UK farmers bitter over altered sugar reform
restructuring scheme saying it will benefit processors rather than
growers struggling to compete at the lower end of the supply chain.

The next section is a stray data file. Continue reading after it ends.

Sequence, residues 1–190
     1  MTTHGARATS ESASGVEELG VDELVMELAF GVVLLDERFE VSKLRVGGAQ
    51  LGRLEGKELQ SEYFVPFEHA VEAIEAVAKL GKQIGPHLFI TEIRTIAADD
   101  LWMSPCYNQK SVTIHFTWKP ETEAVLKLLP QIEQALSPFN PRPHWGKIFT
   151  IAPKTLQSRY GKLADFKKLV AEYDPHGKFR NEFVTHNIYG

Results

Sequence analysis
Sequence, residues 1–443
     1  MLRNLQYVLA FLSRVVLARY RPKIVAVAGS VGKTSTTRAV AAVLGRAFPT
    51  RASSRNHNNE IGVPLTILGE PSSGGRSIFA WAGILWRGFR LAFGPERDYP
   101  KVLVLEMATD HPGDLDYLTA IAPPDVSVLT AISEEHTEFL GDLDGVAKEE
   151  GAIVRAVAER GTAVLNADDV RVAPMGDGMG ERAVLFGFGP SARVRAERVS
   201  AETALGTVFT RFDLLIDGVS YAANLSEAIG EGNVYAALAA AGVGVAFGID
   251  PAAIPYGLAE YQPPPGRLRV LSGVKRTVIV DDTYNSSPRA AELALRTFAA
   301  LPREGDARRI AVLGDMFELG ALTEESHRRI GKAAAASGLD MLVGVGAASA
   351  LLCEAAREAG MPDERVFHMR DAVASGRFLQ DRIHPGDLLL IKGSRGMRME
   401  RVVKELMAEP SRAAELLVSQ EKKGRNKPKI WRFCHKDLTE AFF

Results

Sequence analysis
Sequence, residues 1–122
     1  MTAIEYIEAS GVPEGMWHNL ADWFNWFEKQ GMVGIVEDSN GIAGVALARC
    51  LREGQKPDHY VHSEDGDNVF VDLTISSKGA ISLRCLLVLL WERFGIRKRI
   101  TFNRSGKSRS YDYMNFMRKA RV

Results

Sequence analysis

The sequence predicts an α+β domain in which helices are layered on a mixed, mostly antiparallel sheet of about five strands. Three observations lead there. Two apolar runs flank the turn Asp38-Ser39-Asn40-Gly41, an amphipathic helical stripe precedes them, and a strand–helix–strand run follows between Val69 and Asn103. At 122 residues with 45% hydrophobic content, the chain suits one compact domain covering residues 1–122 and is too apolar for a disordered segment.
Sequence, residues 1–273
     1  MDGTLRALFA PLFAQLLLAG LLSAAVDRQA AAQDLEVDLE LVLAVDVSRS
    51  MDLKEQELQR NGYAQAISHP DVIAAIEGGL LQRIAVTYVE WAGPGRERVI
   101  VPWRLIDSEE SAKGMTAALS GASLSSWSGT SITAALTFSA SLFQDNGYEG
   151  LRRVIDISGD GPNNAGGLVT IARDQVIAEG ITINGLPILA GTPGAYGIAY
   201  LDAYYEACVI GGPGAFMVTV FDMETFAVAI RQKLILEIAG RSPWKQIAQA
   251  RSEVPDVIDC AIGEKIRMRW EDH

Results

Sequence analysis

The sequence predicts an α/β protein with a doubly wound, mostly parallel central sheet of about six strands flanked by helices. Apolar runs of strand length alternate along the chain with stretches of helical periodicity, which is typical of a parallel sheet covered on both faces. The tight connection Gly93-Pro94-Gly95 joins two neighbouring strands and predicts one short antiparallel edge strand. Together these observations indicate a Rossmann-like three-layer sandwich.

Earlier this week, the European Commission announced it would introduce new incentives to encourage lagging processors to leave the sugar sector. Under the changes, which will be brought in by the end of October, aid for growers and contractors will be fixed at 10 per cent. Beet growers will be allowed to apply directly for a reduction of up to 10 per cent of factory quota. But Britain's National Farmer's Union (NFU) hit out at the plans, claiming that they were more advantageous to processors than growers. The organisation said in a statement that access to aid for growers is restricted if processors choose to submit ten per cent or more of quota - thereby overriding the grower's chance for compensation. NFU sugar board chairman John Hoyles said: "The grower initiative is meaningless with the proposed restrictions and is a continuation of the original reform package that was shaped around processor's interests and restricted growers' ability to exercise legitimate rights as partners in an industry. "It is also difficult to understand the application of a retrospective element that would, on the face of it, appear to completely disregard the situation in the UK where growers who were forced to stop growing in the last two years would receive no meaningful acknowledgement of the fact they had no real choice but to relinquish tonnage within the EU restructuring scheme." The NFU is due to meet with the Commission to discuss the restructuring proposals and air their concerns over the treatment of beet growers.